The music is triumphant. The supporting performances are all essential to why the film works. The cinematography is gorgeous (especially for a film that takes place in a grimy workplace, on the titular waterfront). Every single element makes the story of a guy that is down on his luck feel almost magical (and surely empathetic). It is a raised fist for the 9-to-5-ers of New Jersey (and all across America) that may feel stymied by their industries.
You witness every straw until the very last one for Terry, and you can only help but cheer him on to finally achieve happiness (no matter what it takes). “On The Waterfront” is like the unrivaled works of literature that create a spectacle out of an everyday person, and you are lucky enough to live it visually.
5. The Apartment (1960)
Like the next film on this list (you’ll see it when you get there), I felt the need to pick between the two Billy Wilder Best Picture winners. That’s an audacious task, as 1.) Wilder is one of the all-time greats with so many solid films to his name, and 2.) both “The Lost Weekend” and “The Apartment” are magnificent. I ultimately went with “The Apartment,” because it simply is one of the all time great comedies; it’s also quite uncommon for a comedy to win Best Picture and truly deserve that honour.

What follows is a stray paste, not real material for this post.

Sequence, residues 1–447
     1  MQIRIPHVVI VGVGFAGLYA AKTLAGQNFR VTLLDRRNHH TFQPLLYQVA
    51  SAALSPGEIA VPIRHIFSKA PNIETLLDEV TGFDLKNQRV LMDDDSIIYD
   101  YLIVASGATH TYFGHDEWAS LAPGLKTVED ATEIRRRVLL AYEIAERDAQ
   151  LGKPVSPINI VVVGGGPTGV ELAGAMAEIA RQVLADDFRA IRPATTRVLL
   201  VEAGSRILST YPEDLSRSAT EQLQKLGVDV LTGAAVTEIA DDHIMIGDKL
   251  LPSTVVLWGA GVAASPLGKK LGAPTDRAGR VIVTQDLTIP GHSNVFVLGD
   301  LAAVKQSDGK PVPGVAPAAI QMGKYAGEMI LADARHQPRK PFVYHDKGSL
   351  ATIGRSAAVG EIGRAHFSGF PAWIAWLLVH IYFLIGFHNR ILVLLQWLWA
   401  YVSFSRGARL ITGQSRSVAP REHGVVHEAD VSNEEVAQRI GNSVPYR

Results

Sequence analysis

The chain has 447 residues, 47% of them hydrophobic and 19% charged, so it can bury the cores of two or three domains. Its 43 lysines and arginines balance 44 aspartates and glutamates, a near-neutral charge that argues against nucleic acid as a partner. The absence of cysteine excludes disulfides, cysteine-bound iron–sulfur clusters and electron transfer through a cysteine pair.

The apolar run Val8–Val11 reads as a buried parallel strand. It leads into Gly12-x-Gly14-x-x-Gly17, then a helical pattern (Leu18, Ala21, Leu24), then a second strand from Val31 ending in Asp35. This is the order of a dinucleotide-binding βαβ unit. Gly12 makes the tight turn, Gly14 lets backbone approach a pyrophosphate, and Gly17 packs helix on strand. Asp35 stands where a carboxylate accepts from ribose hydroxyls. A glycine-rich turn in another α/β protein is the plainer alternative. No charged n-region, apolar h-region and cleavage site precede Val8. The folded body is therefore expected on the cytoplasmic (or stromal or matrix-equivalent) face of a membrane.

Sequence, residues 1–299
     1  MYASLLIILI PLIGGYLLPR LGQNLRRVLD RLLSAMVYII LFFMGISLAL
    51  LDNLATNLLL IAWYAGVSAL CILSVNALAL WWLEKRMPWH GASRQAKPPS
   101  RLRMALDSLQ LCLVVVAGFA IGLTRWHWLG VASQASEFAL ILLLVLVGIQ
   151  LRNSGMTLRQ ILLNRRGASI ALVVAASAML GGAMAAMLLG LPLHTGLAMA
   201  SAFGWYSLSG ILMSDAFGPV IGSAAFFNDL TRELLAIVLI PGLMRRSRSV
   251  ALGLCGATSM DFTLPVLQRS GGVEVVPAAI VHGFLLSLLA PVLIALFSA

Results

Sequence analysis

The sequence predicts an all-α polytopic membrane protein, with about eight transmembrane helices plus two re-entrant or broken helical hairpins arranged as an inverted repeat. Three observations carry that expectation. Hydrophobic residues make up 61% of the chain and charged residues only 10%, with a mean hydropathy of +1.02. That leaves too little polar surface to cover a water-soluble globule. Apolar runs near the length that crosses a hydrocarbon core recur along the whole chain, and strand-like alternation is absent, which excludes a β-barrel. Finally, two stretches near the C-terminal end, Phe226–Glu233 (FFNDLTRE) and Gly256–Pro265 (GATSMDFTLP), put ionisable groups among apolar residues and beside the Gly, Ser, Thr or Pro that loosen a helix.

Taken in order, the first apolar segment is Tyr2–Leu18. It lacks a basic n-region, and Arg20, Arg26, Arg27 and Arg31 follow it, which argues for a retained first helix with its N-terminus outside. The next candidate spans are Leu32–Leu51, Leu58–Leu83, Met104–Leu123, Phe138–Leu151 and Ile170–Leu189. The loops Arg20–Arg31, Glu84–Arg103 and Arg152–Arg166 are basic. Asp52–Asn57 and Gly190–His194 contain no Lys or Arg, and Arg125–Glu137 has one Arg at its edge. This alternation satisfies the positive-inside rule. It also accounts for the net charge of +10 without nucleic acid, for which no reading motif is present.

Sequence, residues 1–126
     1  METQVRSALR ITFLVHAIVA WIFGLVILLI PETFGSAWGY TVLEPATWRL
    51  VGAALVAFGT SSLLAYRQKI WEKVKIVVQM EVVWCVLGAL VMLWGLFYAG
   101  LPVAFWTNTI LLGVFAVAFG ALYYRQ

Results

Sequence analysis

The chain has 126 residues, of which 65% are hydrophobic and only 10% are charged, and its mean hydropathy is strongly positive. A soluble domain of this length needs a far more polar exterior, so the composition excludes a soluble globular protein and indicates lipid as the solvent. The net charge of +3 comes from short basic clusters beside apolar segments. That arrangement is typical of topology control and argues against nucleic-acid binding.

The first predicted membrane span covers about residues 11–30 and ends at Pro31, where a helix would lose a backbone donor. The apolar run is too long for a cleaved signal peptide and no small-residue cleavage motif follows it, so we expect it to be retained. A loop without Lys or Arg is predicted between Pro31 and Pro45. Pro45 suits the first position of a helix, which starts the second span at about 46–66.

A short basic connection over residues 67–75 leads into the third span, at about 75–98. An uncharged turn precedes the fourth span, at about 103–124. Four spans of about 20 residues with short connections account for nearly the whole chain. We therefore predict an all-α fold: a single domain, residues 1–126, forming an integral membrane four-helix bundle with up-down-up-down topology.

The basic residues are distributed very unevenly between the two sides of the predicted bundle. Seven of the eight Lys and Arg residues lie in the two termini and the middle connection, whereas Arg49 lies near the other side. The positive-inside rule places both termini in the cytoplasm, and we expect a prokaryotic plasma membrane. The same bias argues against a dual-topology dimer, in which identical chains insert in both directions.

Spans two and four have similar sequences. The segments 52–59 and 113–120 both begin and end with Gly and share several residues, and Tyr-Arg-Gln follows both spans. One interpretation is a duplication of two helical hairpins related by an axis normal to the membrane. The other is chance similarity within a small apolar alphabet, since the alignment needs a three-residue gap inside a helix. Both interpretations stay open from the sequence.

How can you go wrong with Wilder veterans like Jack Lemmon and Fred MacMurray, let alone a career-staple performance from Shirley MacLaine (which alone says a lot)? The plot is saucy and cheeky, and Wilder’s workings-around its explicit subject matter is part of the humour. Lemmon’s everyday-working-man has to allow the corporate pigs at his workplace the opportunity to bring home dates to his own apartment to carry out their own business; that is one way to build upon the classic styles of the screwball genre.
“The Apartment” includes drama within its duration as well, as we are given the perspective of the repercussions of Lemmon’s actions; how does his selflessness for the selfishness of others gradually ruin him? He may be working his way up the corporate ladder, but he is only digging his own grave as a human being.
“The Apartment” will make you laugh while making you feel so sorry for the sympathetic leads in this film, especially since you can relate to both Lemmon’s and MacLaine’s characters. We have all felt threatened by our jobs and superiors enough to sacrifice ourselves to keep going, and “The Apartment” is just a comedic, switched-on, cunning way of understanding this. There are so many Wilder films that deserve the Best Picture honour, and the two that did win (“The Lost Weekend” included) are great examples of what Wilder was capable of (“The Apartment” was just a slightly better example).